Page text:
Fyodor Dostoevsky is a name that is not very easy to pronounce. Unless you happen to be one of those who has read him. Then that name attains a halo. So much so that I tried convincing my visiting mother in law that the pesky squirrel she feeds daily (and grows unruly every day, the squirrel I mean) should be given the name FD. Of course it did not stick and we shooed away the decidedly american squirrel but I think you get the point. I am in awe of his writing. I have only read two of his works. Notes from Underground and The Brothers Karamazov. And each has been a revelation.
Notes from Underground is a book about a hyper sensitive conscientious man who cannot justify his actions because of all the various thoughts that wash through him, one as fleeting as the other, but each with its own arguments and counter arguments. A man who is so driven to madness by his own analysis of himself that his actions make no sense to anyone but to him. To him they make so much sense. This book is a peek under the hood of a thinking mind. A mind that I would hesitate to call fragile.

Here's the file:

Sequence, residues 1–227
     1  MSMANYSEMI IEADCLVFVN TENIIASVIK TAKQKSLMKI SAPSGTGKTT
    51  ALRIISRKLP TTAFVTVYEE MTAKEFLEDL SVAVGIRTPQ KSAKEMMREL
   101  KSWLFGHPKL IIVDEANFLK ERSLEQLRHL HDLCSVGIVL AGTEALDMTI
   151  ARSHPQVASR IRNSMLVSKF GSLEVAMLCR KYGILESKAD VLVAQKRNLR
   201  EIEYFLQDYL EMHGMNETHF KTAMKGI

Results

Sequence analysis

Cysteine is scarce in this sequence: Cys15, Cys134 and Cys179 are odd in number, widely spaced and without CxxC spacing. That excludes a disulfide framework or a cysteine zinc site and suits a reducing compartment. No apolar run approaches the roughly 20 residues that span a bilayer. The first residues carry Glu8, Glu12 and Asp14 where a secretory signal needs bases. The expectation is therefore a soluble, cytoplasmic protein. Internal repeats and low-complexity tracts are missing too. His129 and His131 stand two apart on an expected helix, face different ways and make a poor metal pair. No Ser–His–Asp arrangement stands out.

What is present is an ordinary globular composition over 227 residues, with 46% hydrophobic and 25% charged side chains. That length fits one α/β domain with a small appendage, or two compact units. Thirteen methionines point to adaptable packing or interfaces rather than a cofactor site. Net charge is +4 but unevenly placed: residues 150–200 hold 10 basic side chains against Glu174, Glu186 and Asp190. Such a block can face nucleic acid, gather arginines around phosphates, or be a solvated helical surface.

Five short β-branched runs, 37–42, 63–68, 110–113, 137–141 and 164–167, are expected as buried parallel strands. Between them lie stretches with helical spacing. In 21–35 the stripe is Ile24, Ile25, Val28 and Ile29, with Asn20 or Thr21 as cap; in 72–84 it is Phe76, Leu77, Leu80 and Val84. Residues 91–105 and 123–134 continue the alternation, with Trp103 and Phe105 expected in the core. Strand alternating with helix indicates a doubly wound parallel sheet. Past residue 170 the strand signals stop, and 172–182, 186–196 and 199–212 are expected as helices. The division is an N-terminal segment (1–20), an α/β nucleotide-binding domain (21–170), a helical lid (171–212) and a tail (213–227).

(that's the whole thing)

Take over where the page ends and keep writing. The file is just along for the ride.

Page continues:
But it is just not about the mind. It is also about the heart. A struggle of a man’s love when he cannot love himself. Sounds cliched but not when treated by Dostoevsky.
The book’s narrator is unreliable. It is a narration as seen through the eyes of the protagonist, an extremely agitated individual. It is a sense of restlessness and angst that ought to be in anyone. I do not say that everyone should act on it, but if anyone is so smug as to his reason to exist he is missing the point of life. And this lack of a fundamental reason to exist will result in indecision or derision of any action leading to ultimate cynicism in the case of some and Zen in some.
Either ways the author is a formidable icon in the annals of literature. A master story teller and a true analyst of the brain and heart of a human.